3 Easy Methods for Creating PDF Documents
Anything that you can view in Safari on an iPad (or an iPhone, or iPod Touch…but I’ll just use the term iPad for simplicity,) can be converted into a document quickly and easily. Even the results of a Google search!
In the past one popular method was to create and use a bookmarklet…but these newer methods are so much easier. There’s a surprisingly large number of ways to go about this. I’ll focus on the 3 methods that I think are so easy that anyone can master it readily.
My Favorite Method
My favorite method uses Safari’s built-in Print command. I’ll call this Method 1. I’ve made a Step-by-Step Guide showing you how to create a PDF document using the Print Command. The other 2 methods I describe below are equally easy, but each have some drawbacks, which is why the Print Command Method has become my favorite. So I’ll discuss how to use each of those methods too and then describe what their drawbacks are.
The main reason I’m showing you more than one method is because the document that’s generated by each one can differ a little bit. So, if you try one method and you don’t like the results, you can try a different one, which will generally produce a slightly different result.
Method 1 Using Safari’s Print Command
This method is super fast, easy, and free…which is why it’s my favorite method. Everyone has the built in tools at their disposal too. In the screenshots below I demonstrate, step-by-step, how to go about it.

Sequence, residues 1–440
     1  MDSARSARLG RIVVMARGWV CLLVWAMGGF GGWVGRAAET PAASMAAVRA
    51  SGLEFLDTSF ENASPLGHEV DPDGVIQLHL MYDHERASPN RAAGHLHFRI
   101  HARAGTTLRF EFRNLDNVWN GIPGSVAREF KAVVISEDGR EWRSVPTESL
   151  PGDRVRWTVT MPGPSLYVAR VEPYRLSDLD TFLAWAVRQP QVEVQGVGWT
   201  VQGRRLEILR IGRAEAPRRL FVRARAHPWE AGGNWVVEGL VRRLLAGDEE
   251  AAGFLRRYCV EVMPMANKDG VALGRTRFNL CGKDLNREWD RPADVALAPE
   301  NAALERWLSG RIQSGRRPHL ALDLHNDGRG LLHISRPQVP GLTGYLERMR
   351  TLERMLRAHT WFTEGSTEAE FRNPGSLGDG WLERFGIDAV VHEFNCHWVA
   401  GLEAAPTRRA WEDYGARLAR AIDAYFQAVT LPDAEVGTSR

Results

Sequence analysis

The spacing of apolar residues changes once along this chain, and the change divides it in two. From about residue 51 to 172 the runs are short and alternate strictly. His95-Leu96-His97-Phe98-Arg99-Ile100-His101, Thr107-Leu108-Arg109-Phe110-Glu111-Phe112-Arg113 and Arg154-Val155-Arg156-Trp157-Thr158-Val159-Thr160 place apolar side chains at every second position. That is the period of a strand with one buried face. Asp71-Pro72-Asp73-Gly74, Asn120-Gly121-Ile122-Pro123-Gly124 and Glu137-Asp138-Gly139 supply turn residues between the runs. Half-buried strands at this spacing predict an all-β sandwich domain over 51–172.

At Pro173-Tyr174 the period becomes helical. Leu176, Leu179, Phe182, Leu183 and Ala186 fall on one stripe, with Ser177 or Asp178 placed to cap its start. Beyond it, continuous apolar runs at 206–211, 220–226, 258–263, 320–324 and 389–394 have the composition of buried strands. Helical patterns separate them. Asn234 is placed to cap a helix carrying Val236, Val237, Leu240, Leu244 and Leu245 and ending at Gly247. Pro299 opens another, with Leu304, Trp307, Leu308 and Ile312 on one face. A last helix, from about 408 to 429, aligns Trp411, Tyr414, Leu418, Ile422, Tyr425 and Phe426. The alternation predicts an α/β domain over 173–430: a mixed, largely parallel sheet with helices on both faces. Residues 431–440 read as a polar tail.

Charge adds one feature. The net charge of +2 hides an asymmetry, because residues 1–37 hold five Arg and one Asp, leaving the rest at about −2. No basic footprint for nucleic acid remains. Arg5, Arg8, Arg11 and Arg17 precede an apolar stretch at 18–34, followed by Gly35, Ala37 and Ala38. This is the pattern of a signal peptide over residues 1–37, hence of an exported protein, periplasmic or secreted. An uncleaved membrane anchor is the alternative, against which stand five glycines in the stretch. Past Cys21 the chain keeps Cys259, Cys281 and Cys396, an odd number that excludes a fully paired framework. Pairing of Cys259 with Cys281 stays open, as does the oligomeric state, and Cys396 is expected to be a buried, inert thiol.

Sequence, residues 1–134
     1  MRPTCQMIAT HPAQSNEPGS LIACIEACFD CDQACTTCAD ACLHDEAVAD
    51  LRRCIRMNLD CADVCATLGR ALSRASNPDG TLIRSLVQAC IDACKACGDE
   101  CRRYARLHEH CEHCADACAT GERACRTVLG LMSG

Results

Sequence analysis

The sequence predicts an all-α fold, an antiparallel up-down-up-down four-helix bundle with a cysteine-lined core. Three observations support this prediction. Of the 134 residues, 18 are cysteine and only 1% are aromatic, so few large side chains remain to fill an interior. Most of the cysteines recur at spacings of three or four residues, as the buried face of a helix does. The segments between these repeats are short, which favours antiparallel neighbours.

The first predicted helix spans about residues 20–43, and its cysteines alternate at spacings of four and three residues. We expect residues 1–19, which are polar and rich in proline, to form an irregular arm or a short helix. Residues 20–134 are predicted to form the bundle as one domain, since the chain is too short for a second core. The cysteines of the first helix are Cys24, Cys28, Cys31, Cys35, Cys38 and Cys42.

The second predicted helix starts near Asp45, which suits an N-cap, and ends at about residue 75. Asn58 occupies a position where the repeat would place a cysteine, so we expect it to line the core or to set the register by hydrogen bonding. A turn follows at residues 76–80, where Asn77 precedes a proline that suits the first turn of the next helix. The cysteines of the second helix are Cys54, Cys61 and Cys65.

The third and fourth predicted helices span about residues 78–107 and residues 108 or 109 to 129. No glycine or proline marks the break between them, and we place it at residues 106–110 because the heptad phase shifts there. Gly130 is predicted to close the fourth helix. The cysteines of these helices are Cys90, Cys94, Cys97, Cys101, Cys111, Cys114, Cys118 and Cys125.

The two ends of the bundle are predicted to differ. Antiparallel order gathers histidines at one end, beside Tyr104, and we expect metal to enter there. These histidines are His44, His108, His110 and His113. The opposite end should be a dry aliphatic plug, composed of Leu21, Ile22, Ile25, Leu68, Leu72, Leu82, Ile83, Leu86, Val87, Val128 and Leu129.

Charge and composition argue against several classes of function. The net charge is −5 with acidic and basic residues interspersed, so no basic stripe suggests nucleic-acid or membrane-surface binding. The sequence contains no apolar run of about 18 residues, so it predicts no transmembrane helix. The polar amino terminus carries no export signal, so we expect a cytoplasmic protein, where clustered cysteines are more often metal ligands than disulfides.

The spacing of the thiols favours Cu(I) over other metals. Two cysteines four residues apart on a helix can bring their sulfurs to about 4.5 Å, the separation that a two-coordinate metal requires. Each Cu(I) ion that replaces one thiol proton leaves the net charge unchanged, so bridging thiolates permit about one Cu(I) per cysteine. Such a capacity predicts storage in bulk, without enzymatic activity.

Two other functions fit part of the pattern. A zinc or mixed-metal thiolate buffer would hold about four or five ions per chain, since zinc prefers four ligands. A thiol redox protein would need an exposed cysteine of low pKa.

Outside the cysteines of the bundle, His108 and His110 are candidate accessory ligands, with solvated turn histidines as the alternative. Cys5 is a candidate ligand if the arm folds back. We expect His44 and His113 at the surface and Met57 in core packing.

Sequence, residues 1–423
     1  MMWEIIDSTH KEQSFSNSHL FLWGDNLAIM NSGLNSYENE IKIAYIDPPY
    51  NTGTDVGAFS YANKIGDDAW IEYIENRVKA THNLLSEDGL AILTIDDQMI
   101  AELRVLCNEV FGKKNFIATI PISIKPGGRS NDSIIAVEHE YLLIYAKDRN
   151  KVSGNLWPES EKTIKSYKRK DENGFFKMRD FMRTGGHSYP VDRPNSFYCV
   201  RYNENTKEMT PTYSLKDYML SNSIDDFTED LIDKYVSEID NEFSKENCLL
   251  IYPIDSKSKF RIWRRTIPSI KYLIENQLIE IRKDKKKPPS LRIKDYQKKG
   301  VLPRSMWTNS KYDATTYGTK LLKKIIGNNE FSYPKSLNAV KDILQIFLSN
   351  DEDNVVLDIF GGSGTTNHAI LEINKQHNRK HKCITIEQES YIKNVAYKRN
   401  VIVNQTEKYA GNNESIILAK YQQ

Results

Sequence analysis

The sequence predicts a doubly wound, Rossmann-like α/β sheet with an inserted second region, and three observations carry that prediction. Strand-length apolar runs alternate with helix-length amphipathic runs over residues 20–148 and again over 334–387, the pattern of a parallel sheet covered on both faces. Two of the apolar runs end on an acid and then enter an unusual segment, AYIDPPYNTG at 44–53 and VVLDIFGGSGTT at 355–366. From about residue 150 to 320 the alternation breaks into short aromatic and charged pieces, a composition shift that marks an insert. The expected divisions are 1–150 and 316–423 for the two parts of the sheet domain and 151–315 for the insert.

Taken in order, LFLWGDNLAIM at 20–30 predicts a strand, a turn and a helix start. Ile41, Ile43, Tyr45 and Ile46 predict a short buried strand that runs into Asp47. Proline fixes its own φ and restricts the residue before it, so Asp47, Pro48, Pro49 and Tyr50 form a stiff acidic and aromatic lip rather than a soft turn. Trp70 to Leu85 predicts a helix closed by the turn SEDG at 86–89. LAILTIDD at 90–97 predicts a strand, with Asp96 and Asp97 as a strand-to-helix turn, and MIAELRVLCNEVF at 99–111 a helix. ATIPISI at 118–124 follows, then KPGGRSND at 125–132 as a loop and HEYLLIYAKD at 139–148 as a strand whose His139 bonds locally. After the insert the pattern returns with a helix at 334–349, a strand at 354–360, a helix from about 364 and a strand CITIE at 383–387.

Don’t let the number of steps involved worry you.The whole process can be done in less than a minute. It just looks like a lot of steps because I wanted to cover every single detail, so that there’s no confusion.
The Steps for Method 1
You need to think about what you want to do with the document first. Will you save it or email it? If you save it, where will you save it? One of the easiest places is Apple Notes. If that’s what you decide, I’d suggest beginning a note first…beforehand…basically by giving a new note a title. That’s what the screenshot below depicts.
It’s not mandatory to create the note title beforehand…I just think it’s easier in the long run because sometimes it can be hard to add a title to the beginning of a note after the PDF has been placed there.
The Steps Begin here:
The PDF Result Using Method 1
Another Example of a PDF Made Using Method 1
Comparison Example Method 1
I’ve included a 2nd example that I produced a PDF of using each of the 3 methods, so that you can see the differences between them.
Pages 2 & 3
Method 2 Using iBooks
For many years iBooks has been another one of the standard methods most ios users have relied on to create and save PDF documents. I did too for a very long time. But there is one huge drawback to using iBooks. If you save the document in iBooks I can pretty much guarantee it will disappear at some point in the future. The iBooks app is notorious for wiping out user’s complete libraries of their own work. This oftentimes occurs when a newer version of ios is released…after the update all your documents are gone. The actual content that you purchased from Apple will remain…but your own files, that you created are just wiped out. It is sometimes possible to find them again if you were syncing your device to a computer they may be in a backup file somewhere…but this is time-consuming and unreliable.
So, if you decide to use the iBook method, make sure to move your document somewhere else immediately! Sadly, that’s not very easy to accomplish either. The only method Apple provides users with to export content from iBooks is email. So you’ll need to find somewhere you can email it too. I use Evernote and I’m a huge fan of the service. One reason is because it’s so easy to get information into it. Emailing data into Evernote is one method they offer, so that’s what I usually do. Once my PDF Document is in Evernote, I’m in good shape, because from there I can export it to a ton of different places, just like Method 1 above, or Method 3 below.